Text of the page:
About codeapparat (twitter: @codeapparat)

Previous Results:

LD 48-hour compo #31 - Theme "Entire Game on One Screen"
Shifting Dungeon
Overall place: #177 of 1365
Best category: Innovation - #19 of 1365

LD 48-hour compo #23 - Theme "Tiny World"
Spaceship Planet Merge
Overall place: #292 of 1072
Best category: Innovation - #109 of 1072

LD 48-hour compo #22 - Theme "Alone"
Alone with... things!
Overall place: #65 of 717
Best category: Fun - #33 of 717

Entries

 
Ludum Dare 31
 
Ludum Dare 23
 
Ludum Dare 22

codeapparat's Trophies

codeapparat's Archive

one day’s work

Posted by (twitter: @codeapparat)
Saturday, December 6th, 2014 9:23 pm

State after 26 hours (including breaks and sleeping). work was mostly level generation, basic game logic and “the gimmick”. day 2 will be adding combat and way more content.

state day 1

First state update

Posted by (twitter: @codeapparat)
Saturday, December 6th, 2014 7:47 am

Some tiles drawn and very simple level generation and rendering.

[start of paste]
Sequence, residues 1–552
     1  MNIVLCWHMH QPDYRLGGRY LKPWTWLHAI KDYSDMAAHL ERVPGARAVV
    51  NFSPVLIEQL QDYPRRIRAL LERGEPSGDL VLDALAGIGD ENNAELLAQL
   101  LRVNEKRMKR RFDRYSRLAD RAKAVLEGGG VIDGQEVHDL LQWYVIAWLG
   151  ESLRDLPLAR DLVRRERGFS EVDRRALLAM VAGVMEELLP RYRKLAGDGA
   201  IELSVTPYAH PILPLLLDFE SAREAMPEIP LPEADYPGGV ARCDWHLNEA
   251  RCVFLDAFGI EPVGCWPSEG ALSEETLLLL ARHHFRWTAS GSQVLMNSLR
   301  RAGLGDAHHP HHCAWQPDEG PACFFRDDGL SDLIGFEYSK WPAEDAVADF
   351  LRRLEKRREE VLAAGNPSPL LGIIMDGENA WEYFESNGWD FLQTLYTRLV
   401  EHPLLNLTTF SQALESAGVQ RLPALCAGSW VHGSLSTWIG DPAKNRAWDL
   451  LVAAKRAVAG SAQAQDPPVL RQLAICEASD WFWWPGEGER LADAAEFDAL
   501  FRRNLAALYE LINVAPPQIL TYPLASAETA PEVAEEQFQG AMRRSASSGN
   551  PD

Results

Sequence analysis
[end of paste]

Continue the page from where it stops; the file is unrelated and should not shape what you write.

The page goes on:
shot1

I’m in

Posted by (twitter: @codeapparat)
Friday, December 5th, 2014 5:24 pm

I didn’t participate in a while, but this time I’m in for my 3rd Ludum Dare.

Language:
C#

Libraries:
– my gameapparat Engine (or XNA as an emergency fallback in case it fails :) )
– maybe Farseer Physics

Tools:
– Visual Studio
– Photoshop
– Allegro Sprite Editor (maybe)
– Spine (maybe)
– sfxr/bfxr
– Audacity

Base code (in case i end up using XNA): download

No game, but an engine

Posted by (twitter: @codeapparat)
Sunday, December 16th, 2012 7:52 pm

I will not submit a game this time. I decided early that i wanted to develop a C# game engine for creating HTML5 webgames. Chances of getting an actual game done too were slim considering that i never made a HTML5 game before, nor did i ever use Script# earlier, the tool i chose to develop javascript code in C#. Both had their pitfalls that did cost me a considerable amount of time to figure out.
But i succeeded to create the 2D engine with many features you’d expect like keyframed animations, texture atlases, particles, rotatable & scalable sprites and scrolling & repeating backgrounds. All of that with the beauty, compile-time type safety and intellisense-support of C#… and the compatibility of a HTML5 webgame!